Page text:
Data are collected by the research staff and will be stored in a database in an in-house protected server at KU Leuven. Confidentiality of participants’ data is ensured by using participants’ IDs rather than identifiable information in the data set (i.e., coding) and by storing the document linking the IDs to the identifiable information separately and securely. Only researchers directly involved in the analysis of the RCT will have access to the final trial data set, which will only contain coded data. After data collection and before data storage, all outcomes are manually double-checked by the research staff. The safety, progress, study integrity and design aspects will be monitored at various meetings by the research team involved in this study.


Based on the preliminary results of one randomized controlled trial [53] and a small-scaled pilot study conducted by our research group [29], it is expected that MBIs may have the potential to reduce cognitive impairment after chemotherapy. MBIs could influence and improve cognitive functioning through different pathways, by (1) alleviating symptoms of depression, anxiety and stress; (2) reducing cancer-related chronic fatigue; (3) inducing recovery of chemotherapy-induced changes in the brain; and (4) changing immune system dynamics. This larger scale study, including an active control condition based on physical training, should provide information on intervention-specific effects assessed by psychological, behavioral and biological parameters characteristic for the four different pathways. Combined with an investigation of possible mediators, this study should contribute to basic science-unravelling mechanisms of change underlying the effects of MBI on cognitive impairment and well-being in general.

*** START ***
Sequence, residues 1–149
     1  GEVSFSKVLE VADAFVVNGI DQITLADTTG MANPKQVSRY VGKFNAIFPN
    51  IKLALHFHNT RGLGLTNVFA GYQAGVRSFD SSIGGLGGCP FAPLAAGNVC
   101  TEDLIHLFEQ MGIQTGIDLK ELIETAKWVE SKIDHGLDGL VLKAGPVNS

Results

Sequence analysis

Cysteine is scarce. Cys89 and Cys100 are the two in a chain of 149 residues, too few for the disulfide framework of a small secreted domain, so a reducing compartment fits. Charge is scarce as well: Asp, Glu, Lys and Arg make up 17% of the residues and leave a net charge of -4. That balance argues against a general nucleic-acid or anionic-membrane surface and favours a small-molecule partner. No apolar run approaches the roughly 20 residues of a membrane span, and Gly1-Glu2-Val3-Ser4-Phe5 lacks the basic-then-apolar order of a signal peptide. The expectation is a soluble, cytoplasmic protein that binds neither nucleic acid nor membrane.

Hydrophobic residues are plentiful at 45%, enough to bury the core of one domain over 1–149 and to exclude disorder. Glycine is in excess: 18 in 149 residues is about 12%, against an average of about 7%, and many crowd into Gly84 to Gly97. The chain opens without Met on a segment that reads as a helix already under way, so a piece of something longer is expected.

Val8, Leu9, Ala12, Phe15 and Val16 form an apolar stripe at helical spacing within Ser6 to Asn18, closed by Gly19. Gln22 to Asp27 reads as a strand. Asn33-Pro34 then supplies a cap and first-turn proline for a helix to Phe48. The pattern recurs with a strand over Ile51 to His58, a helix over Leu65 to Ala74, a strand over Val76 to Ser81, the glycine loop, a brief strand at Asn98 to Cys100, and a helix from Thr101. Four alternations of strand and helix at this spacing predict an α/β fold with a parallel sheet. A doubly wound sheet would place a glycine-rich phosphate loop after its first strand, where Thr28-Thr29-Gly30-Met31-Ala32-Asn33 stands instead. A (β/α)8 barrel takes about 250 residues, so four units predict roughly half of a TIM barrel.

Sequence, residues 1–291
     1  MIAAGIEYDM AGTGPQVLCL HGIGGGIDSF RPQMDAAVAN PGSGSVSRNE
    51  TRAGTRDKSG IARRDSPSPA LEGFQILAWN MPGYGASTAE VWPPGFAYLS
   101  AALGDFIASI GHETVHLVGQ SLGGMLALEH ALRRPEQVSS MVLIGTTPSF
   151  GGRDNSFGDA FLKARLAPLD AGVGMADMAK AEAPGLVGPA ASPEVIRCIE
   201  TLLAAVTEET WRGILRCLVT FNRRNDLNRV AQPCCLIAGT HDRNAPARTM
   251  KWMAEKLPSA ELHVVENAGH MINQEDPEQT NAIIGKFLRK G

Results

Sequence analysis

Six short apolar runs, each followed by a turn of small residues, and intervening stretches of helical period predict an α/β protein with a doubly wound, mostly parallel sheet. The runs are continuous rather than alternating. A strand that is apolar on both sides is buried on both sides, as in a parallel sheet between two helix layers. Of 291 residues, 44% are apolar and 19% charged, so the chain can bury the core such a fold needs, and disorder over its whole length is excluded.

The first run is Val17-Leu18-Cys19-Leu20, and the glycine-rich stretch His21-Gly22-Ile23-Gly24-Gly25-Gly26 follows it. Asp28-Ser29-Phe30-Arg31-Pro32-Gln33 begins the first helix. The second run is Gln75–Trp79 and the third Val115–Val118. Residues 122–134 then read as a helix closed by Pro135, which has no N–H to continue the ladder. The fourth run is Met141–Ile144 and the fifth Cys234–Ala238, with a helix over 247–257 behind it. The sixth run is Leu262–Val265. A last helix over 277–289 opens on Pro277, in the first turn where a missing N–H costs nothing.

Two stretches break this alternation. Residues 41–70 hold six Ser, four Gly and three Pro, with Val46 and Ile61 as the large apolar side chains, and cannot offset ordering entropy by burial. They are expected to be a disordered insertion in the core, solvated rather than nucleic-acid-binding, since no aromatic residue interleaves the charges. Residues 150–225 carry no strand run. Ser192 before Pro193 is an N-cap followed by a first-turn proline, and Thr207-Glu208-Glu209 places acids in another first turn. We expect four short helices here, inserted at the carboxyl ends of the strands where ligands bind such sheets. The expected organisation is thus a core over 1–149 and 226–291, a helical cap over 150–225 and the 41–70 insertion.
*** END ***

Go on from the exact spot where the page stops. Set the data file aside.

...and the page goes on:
This study is particularly important not only because of the heavy burden of cognitive impairment following chemotherapy but also because of the great need and demand from patients to pay special attention to these symptoms during revalidation. Therefore, finding a low-threshold therapeutic intervention that can help to relieve cancer-related cognitive impairment can be of major importance. If the study shows that MBI has positive effects on cognitive outcomes in breast cancer survivors, MBI can be made available on a larger scale, for instance by integrating it into the standard revalidation program. The MBI format (four group sessions with in-between online support and feedback of the trainer) as tested in this study is an ideal format to implement it in the existing revalidation programs.

Trial status

The protocol number is S59396 and concerns version 5 (dd. 1 June 2018). Recruitment started in September 2018 and will approximately be finished in February 2020.